Hackers associated with the Chinese government have repeatedly infiltrated the computer systems of U.S. airlines, technology companies and other firms involved in the movement of U.S. troops and military equipment, a U.S. Senate panel has found.
The Senate Armed Services Committee’s year-long probe, details of which were made public on Wednesday, found that the military’s U.S. Transportation Command, or Transcom, was aware of only two out of at least 20 such cyber intrusions within a single year.
The committee’s investigation also found gaps in reporting requirements and a lack of information sharing among U.S. government entities. That in turn left the U.S. military largely unaware of computer compromises of its contractors, it found.
“These peacetime intrusions into the networks of key defense contractors are more evidence of China’s aggressive actions in cyberspace,” Democratic Sen. Carl Levin of Michigan, the committee’s chairman, said in releasing the report.
The investigation focused on the U.S. military’s ability to seamlessly tap into civilian air, shipping and other transportation assets for rapid troop deployments and the timely arrival of supplies from food to ammunition to fuel.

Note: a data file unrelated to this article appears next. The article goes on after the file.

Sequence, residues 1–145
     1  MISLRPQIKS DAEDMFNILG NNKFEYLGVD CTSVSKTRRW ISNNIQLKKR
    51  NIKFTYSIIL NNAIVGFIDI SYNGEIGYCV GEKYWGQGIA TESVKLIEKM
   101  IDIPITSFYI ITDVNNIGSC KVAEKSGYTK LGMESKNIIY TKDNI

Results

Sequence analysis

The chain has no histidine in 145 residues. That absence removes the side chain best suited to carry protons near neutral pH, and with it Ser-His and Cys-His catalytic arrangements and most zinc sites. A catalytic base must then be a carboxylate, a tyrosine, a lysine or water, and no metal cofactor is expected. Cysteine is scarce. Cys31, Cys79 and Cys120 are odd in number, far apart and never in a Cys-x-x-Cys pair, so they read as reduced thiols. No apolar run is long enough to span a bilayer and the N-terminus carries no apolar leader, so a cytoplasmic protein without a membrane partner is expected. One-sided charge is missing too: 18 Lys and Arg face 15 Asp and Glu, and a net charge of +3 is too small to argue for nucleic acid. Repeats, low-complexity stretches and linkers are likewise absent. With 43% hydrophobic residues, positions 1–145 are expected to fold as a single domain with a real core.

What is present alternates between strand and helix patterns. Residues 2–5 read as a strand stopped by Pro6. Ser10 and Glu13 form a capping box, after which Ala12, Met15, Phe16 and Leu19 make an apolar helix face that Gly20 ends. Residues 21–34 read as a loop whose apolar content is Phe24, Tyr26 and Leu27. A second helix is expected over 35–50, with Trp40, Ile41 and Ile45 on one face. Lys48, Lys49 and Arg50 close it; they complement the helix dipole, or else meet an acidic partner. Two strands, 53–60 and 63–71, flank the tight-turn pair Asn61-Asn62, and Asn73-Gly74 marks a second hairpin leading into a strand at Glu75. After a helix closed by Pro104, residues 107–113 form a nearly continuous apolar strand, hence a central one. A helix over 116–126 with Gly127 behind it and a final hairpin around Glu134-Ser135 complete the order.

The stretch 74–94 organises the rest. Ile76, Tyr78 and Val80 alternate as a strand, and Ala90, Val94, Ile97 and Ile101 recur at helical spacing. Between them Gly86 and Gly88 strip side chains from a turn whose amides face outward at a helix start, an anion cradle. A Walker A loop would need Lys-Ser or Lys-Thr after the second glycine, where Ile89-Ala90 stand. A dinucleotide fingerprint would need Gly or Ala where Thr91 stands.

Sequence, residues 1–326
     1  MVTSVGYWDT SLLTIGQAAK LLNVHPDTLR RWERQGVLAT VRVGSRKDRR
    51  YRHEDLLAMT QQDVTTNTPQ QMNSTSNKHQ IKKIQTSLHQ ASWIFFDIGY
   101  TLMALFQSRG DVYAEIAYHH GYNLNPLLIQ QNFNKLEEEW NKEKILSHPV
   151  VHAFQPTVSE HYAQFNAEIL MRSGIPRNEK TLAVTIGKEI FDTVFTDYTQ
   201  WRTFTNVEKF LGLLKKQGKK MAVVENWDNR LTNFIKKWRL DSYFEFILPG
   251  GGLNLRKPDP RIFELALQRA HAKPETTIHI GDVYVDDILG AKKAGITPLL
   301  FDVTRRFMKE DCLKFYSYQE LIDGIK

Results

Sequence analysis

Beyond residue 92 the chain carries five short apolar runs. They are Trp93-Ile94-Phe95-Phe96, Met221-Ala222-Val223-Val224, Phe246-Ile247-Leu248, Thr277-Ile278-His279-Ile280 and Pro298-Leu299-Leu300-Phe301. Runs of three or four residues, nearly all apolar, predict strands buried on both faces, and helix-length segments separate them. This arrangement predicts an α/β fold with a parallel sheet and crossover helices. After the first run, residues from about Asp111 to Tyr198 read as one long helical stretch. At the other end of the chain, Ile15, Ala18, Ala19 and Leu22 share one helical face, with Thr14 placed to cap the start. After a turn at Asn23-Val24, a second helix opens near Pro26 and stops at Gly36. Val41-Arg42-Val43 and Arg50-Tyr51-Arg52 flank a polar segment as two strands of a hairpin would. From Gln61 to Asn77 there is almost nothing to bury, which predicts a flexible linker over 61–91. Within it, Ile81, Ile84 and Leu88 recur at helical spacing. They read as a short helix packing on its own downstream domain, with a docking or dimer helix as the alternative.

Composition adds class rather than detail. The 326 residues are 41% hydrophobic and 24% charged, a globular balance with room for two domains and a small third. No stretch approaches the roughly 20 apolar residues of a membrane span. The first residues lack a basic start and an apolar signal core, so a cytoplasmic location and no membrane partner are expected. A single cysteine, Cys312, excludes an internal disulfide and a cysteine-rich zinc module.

In a 12-month period beginning June 1, 2012, there were about 50 intrusions or other cyber events in the computer networks of Transcom contractors, the 52-page report stated.
At least 20 of those were successful intrusions attributed to an “advanced persistent threat,” a term used to designate sophisticated threats commonly associated with governments. All of those intrusions were attributed to China, the report stated.
Sen. Jim Inhofe of Oklahoma, the committee’s top Republican, called for a “central clearinghouse” that makes it easy for contractors, especially small businesses, to report suspicious cyber activity.
Among the investigation’s discoveries was that a “Chinese military intrusion” into a Transcom contractor between 2008 and 2010 “compromised emails, documents, user passwords and computer code.” In 2012, an intrusion was made into multiple systems of a commercial ship contracted by Transcom, the report said.
The Senate probe could further increase tensions between the two world powers over cyber spying.
Officials with the Chinese embassy in Washington were not immediately available to comment.
The results of the investigation were revealed months after U.S. authorities in May charged five Chinese military officers and accused them of hacking into American nuclear, metal and solar companies to steal trade secrets.
Last month, Community Health Systems, one of the largest U.S. hospital groups, said Chinese hackers had stolen Social Security numbers and other personal data from some 4.5 million patients.
(Reporting by Ros Krasny; Editing by Susan Heavey and Will Dunham)
This article originally appeared on Recode.net.